May 17, 2008,
S.B. asks from Minneapolis, MN on May 16, 2008
Ideas for Activities with an 8 Month Old
I am just looking for ideas to broaden the scope of activities that my 8 month old daughter and I can enjoy together. (She is crawling, coasting, and almost walking.) We go to our local park daily (weather-dependant), are part of an ECFE class that ends in a few weeks, get together for stroller walks/playdates with a couple other moms once or twice a week, and go for storytime at our local library once a week. At home, she likes anything musical (rattles, drums, the piano, etc), balls, and dismembering our bookshelves. What kind of things did/do you do with your child at this stage? What outdoor activities work well? Playgroup activities? What "toys" would you recommend?
N.S. answers from Minneapolis on May 16, 2008
Check out a book titled "Toddler Play (Gymboree) by Wendy Masi. It has all kinds of great games and ideas for playtime. Depending on where you live, you might also want to check out places like Gymboree, or The Little Gym etc.
My kids love puppets. Instead of just reading a book to them, I'd find a fitting puppet from our big collection of hand puppets and using made-up funny voices, would make the "puppet" narrate or act out parts from the stories. Our kids just howl and love it. The book they still make me read over and over again is "Martha Speaks" by Susan Meddaugh.
It's a story about a dog who speaks like a human after eating a bowl of alphabet soup. Sometimes I use a puppet with a very funny girl-dog voice. Other times I've done a little ventriliquist action and made our yellow lab Mike play the part of Martha. (Okay-Okay you probably think that's a little odd, but the kids can't get enough I tell you. That alone makes the wackiness worth it.) You can even use things like old socks, old men's ties, paper bags and more to make your own puppets if you don't want to spend alot of money on the trademark characters, or store-quality variety.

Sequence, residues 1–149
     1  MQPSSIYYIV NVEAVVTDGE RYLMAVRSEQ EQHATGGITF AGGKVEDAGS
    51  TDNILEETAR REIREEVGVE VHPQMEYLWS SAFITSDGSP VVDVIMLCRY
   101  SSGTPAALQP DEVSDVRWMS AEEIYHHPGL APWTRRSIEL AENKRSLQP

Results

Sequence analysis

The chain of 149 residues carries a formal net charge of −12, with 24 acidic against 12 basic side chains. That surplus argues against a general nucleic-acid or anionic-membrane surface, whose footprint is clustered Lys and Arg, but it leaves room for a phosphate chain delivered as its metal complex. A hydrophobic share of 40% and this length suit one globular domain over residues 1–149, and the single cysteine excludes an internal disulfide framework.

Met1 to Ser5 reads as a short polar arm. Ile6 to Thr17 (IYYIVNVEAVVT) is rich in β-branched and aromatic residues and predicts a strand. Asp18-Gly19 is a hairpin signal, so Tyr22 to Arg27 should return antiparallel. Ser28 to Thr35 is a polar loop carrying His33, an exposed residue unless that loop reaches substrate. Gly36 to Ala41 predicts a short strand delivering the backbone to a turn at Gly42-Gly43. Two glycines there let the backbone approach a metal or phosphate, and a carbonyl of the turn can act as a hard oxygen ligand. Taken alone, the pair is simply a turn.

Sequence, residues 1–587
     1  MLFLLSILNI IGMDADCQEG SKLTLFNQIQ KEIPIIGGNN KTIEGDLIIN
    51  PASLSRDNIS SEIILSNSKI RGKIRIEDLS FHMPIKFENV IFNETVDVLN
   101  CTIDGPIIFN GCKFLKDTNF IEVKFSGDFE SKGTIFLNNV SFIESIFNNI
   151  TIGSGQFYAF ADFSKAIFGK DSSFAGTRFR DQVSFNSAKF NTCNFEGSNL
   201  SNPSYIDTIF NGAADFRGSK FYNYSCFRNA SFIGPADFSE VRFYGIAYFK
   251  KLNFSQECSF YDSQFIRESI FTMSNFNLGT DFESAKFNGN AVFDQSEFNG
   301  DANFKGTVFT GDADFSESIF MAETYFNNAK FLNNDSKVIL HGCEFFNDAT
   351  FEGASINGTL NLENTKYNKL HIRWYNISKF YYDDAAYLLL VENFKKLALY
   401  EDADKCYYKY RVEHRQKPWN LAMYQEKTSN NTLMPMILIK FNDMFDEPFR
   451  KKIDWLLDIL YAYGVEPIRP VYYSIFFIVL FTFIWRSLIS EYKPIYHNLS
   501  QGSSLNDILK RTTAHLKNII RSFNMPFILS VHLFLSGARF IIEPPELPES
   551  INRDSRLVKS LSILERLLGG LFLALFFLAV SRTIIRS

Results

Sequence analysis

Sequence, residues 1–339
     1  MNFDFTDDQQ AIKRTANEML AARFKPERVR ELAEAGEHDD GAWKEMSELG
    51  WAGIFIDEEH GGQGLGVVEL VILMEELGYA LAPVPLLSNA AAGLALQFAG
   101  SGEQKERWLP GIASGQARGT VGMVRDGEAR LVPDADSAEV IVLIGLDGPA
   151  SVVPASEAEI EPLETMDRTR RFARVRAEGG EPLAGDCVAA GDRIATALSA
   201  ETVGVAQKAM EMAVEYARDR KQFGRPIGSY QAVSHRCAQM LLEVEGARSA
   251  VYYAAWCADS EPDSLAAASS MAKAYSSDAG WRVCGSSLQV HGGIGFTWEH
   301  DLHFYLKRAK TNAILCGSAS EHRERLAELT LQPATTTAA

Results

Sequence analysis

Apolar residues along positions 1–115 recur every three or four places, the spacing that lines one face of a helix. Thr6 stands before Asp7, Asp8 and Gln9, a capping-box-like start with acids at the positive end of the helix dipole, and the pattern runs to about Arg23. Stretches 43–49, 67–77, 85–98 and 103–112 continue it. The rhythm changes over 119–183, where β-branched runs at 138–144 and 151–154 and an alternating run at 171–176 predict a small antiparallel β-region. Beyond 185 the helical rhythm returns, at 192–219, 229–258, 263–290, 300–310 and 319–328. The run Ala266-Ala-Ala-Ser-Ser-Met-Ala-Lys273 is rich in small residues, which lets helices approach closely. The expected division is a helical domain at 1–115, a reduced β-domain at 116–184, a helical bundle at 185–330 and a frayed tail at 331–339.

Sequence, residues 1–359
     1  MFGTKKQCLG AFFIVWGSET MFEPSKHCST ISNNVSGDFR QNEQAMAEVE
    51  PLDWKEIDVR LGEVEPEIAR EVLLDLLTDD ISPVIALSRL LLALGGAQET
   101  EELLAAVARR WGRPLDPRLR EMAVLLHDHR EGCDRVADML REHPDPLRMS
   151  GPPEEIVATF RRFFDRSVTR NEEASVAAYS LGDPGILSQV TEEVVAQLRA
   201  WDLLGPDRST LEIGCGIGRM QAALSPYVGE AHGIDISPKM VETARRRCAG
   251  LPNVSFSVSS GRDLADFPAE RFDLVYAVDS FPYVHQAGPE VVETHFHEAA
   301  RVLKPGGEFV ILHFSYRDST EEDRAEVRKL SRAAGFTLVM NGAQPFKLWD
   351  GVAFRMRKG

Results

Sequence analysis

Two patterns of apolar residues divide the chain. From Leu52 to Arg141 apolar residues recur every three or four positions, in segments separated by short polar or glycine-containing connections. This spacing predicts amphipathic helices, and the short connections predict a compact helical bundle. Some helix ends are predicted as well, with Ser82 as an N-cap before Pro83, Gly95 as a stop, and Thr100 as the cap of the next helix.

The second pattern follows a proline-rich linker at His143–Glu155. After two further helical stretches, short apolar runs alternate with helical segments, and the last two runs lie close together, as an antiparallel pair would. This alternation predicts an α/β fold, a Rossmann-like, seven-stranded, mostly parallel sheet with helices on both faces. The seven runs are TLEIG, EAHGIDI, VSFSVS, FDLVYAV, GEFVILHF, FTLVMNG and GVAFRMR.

Buy a big roll of newsprint paper and let her scribble endless doodles. Introduce her to finger paints, crayons (jumbo ones and be sure to watch for broken pieces) playdough or clay, sand (like in a sanbox) water, different textures like pasta pieces in a big bowl (once again watch for small pieces--perhaps use cooked pasta if she's really curious), gritty sandpaper. Kids love being tactile at this age, and love textures. Just use alot of imagination. You can make just about any mundane thing around the house fun and exciting for kids of all ages.
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H.T. answers from Minneapolis on May 17, 2008
We rolled balls back & forth while I told her the colors of the balls &/or counted them. We also rolled cars back & forth also.
We'd also finger paint w/ whipped cream & food color (not toxic).
Also dump & fill with a bucket & small toys was fun too. She would fill the bucket & dump it (or I would).
Blocks were fun also.
J.B. answers from Minneapolis on May 17, 2008
No need to get wrapped up in lots of official programs and activities - just play! Cuddle, tickle, play with toys, look at books, go grocery shopping, take a walk. Kids need to be with their parents, doing whatever. On the farm kids chase around behind their folks, trying to "help" and the same is true for city folks. Playing with pots and pans while you cook, following you around the house, all of that is play to a kid when they have someone to share the time with. I put on classical music in the background, sometimes we dance and watch birds through the front window. Just live your life, always including your child, and she will grow up well adjusted.
Homeschooling SAHM of seven
K.S. answers from Minneapolis on May 17, 2008
Hi, Check out this site for music classes http://www.ensemblemusic.net/ . I have heard really great things about them, especially a teacher named Jessica. Good luck!
A.R. answers from Minneapolis on May 17, 2008
Creative Kids Stuff - has great puzzles for babies. Look for the colorful "peg board" with huge pegs that they can move around the soft board.
Wonderment - across from CKS in Linden Hills has other wonderful, mindful things for babies and toddlers.
If your daughter is smart and active, look for puzzles to keep her busy and to engage her mind.
Also, don't hesitate to read chapter books to her while she works on puzzles. It will give you something interesting to do and it will stimulate her mind even more than the puzzles themselves. Charlotte's Web, Little Bear, Francis and Winnie the Pooh are all great books for babies and toddlers - available at your local library :o)